3 Stars – Inspiring
It would be hard to find someone who hasn’t read or seen Charles Dicken’s A Christmas Carol showing the transformation of Ebenezer Scrooge from a miser to a generous and joyful giver. This book has sold more copies than almost any other literary publication except for possibly the Bible. What The Man Who Invented Christmas tells us is the backstory of the motivation and inspiration that compelled Dickens to write and release this book in 1843.
There are many stories about the history of A Christmas Carol and this delightful version is a guess at some of the elements that created this blockbuster of a tale. First, it stays true to the core of the Christmas message, that the giving to others out of love is transformative. Second, it shares the motivations that drive us all, primarily that our backgrounds and trials are but a foundation for making different, life-giving choices.
In this version, Charles Dickens (Dan Stevens) is a successful author living a good life, but well beyond his means. Necessity being the mother of invention, he needs to write another book by Christmas to keep from falling further in debt. He is also dealing with some long-standing ghosts from his past which are represented in his mind’s eye as a miserly old man played by Christopher Plummer who follows him throughout his life whispering in his ear that he isn’t good enough and doesn’t deserve what he has gotten in life.
In his real life, Dickens is confronted with the fact that his financially irresponsible father, John Dickens (Jonathan Pryce), and his mother show up at his home while he is struggling to conjure up some form of inspiration to write this book. John Dickens had gone to Debtors Prison when Charles was very young and as a boy he was left on his own supporting himself by working in a factory. Charles had been angry at his father for being careless with money, even though his father’s generosity with anyone he met had been at the root of his financial problems. All of these ghosts from his past spoke to him in his head every day about who he was and whether or not he was worthy of success.
Then, the present enters his internal conversation, when he meets a poor child reiminding him of his younger self, who is begging on the street. The poor boy is also suffering from a crippling injury, and Charles’s heart is touched, but he holds back helping him out of fear of becoming poor again.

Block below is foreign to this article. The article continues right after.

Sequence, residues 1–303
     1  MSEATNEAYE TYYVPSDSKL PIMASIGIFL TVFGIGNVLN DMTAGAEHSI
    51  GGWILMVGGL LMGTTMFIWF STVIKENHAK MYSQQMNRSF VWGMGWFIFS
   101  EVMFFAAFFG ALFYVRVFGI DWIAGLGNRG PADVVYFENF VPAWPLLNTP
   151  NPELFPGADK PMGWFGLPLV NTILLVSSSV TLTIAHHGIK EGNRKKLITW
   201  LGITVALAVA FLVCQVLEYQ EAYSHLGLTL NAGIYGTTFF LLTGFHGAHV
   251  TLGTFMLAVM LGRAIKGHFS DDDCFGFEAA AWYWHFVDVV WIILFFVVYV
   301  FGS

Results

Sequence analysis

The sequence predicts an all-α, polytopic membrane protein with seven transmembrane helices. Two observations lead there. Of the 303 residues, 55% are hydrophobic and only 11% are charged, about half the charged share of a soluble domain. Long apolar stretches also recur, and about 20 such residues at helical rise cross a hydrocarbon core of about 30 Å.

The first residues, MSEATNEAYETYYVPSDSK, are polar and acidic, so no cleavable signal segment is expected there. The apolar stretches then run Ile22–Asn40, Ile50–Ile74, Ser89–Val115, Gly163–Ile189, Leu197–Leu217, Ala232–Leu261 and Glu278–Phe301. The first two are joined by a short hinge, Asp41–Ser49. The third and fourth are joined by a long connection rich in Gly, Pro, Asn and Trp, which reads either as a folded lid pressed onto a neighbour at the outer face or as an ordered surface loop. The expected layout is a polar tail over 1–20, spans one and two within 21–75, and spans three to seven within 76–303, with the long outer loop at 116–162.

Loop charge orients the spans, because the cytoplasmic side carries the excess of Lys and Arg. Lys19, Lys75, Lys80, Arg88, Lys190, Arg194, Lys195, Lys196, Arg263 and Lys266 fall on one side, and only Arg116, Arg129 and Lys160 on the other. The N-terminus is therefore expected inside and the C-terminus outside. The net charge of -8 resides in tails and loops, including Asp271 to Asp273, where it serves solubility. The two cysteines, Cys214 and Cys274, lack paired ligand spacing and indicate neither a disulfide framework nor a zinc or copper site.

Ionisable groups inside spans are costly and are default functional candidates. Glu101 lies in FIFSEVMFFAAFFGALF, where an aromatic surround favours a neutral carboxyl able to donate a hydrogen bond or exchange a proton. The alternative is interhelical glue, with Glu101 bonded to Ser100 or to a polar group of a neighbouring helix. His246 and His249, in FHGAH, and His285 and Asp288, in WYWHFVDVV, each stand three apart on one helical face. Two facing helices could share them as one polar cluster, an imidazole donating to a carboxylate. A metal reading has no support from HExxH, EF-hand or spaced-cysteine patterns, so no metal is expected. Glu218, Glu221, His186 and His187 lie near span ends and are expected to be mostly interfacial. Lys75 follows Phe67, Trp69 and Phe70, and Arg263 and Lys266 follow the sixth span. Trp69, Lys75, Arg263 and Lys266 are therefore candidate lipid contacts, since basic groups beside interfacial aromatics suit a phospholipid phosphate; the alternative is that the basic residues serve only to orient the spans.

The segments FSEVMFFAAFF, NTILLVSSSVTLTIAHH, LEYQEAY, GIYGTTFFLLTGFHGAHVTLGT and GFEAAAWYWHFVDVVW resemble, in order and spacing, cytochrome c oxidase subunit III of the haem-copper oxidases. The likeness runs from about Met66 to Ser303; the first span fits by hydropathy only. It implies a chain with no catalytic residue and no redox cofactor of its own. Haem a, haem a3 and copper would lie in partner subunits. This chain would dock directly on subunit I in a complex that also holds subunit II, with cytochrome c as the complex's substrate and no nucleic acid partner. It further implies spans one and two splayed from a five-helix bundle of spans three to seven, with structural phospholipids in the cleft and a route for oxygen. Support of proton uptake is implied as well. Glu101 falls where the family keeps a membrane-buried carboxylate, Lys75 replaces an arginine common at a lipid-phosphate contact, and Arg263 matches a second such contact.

Needless to say, these voices are common to all of us and they motivate each of us to either retreat into self-protection, or they reveal to us a greater possibility in our life - if we have faith. The struggles that Charles goes through are the grist for his inspiration, and are revealing to the viewer as well. Are we not in the same dilemma? Who are the voices that speak to us and tell us who we think we are? What is the state of our faith in some cause greater than ourselves?
When Dickens has his “aha!” moment, it is on the last day he can get something to the printer in time for books to be sold for Christmas. What emerges is his own life history and it is released on December 19, 1843. By Christmas Day his book had become an inspirational hit and completely sold out. Within one year, it was reprinted 19 times. Today, the celebration of Christmas in the western world has been shaped almost as much by this one story as it was by the original story 2,000 years ago of the birth of Jesus. And, in a similar fashion, the message came in an unexpected form and spoke more to the unbelieving world than to the theologically pure insiders. It is yet another gift from God to all of us.
- The popularity of this story speaks to the shared experience of our lives. What are the ghosts that haunt you and try to define who you are? How do you deal with these internal voices?
- When a father is overly generous to the point that he is thrown into debtor’s prison, then you can understand how his child would struggle with his own greed and generosity. How have you found the balance between wise money management and generosity for those in need?
- How old were you when you first saw A Christmas Carol and how did it impact you?